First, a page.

You’ve been into photography for a while, you’ve upgraded your skills, and it’s time to upgrade your gear. If you ask me, that’s always exciting, but it can also be stressful: what should you upgrade first? In this video, Scott Choucino discusses this topic and helps you choose between your lens, camera, light, or modifier. And to some of you, the answer may be surprising.
It’s important to note that Scott focuses on food and still life photography. However, this may work for other genres as well, such as product photography. But whichever genre you shoot, he advises you not to break your budget, but rather make this upgrade work with the money you can afford to spend.
Now, what makes a good food or still life image? Scott mentions color first. Then there’s a certain amount of resolution and detail because you want to see details and texture. The rendering of the image is important too, and that’s affected by sensor size and the lens, combined with proper lighting.
When it comes to the camera, what’s important for food and still life photographer? Scott says that AF and ISO don’t play a big role. However, resolution comes into play, as well as sensor size, flash sync speed, and the sharpness of the sensor.
The lens is an important part of every kit, and it should be sharp and have a decent focus falloff. Scott always takes the look and the aesthetic into account, as well as color rendition. He notes that it’s better to invest more money into lenses than into cameras because they’re more likely to stay with you forever, while you’ll change camera bodies more often. I tend to agree.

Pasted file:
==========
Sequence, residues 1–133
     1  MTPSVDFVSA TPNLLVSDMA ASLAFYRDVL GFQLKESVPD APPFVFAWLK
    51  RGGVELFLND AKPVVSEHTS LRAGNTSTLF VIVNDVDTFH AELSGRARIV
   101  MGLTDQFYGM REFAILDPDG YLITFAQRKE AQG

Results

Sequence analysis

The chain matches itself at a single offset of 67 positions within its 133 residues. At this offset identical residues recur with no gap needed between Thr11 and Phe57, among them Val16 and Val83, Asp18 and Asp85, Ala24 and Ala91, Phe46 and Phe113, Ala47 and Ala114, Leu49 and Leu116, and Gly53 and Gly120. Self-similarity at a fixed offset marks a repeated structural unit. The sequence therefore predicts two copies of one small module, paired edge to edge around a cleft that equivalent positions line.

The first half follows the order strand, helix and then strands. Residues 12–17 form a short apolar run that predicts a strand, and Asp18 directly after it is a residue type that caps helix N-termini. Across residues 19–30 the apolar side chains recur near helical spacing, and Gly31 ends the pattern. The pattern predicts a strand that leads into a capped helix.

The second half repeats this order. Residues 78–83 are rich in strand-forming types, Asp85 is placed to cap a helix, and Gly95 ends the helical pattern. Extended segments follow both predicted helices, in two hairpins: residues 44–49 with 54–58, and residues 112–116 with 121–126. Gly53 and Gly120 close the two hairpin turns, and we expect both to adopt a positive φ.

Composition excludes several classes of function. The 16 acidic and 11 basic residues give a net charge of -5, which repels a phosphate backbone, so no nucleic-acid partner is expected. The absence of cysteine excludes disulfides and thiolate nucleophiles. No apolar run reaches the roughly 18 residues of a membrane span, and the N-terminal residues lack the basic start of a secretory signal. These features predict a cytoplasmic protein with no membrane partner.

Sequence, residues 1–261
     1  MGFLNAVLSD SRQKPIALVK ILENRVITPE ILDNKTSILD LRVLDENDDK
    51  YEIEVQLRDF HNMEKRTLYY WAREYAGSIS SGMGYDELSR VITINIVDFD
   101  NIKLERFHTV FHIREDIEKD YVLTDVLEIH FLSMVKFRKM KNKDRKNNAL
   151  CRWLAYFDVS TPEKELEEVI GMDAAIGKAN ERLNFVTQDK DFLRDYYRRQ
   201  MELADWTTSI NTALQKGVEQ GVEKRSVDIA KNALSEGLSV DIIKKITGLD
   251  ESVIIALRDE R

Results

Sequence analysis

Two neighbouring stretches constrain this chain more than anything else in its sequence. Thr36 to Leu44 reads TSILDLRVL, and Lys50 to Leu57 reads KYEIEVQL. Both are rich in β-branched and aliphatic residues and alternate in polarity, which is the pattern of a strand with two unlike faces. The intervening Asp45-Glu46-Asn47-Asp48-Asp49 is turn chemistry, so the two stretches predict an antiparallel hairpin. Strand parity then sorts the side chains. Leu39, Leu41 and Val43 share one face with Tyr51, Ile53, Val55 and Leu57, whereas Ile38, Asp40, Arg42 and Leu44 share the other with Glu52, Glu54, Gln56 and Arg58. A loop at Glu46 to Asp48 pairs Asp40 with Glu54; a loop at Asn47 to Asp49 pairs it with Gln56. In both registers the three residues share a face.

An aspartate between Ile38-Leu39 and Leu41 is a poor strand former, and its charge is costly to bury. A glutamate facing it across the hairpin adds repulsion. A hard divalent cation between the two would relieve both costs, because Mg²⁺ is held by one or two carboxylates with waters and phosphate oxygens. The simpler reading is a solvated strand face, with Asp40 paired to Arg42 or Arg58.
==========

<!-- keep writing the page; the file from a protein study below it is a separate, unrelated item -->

Now for the lighting. Its color is important, as well as its power, exposure control, quality… Modifiers fall within this same category, but Scott discusses them separately. You know why? Because for him, modifiers are the part of your gear that should be upgraded first. This part was surprising for me because I’d always choose lenses before everything else. But of course, it all depends on what you shoot. For still life and food photographers, Scott’s hierarchy of the upgrade is the following: modifier, lens, light, and only then the camera.
When you upgrade your camera, you can buy a minimum of a full-frame model to get more detail. Nowadays, you can some older or used models relatively cheap. As for the lights, they are important, and Scott advises you to buy something at least 500 W. Also, start with a flash, make sure that it has a consistent white balance and at least 1/3 stop increments for more control. As for the lenses, remember: an expensive lens on a cheap camera is a much better combination than an expensive camera and a cheap lens. So, as mentioned above, definitely invest in your lenses.
And finally, for the “winner” of this discussion: the modifiers. They affect the aesthetic, detail, and color of your image, and for Scott, these are some of the most important elements. After all, the quality of light has the biggest impact on your image, and a modifier plays a big role here. So, if you’re looking to upgrade something, it should be a modifier.
Personally, I shoot mainly nature, travel, and landscapes, so I always upgraded my lenses before everything else. Next was my camera, and I haven’t invested too much in lights and modifiers since I prefer natural light. So, remember, all this is a “balancing act” as Scott calls it. Think about your genre, because these recommendations aren’t the same for all photographers. But if you shoot food, products, or still life – well, maybe you should consider investing into some decent modifiers before you upgrade your other gear. Would you agree?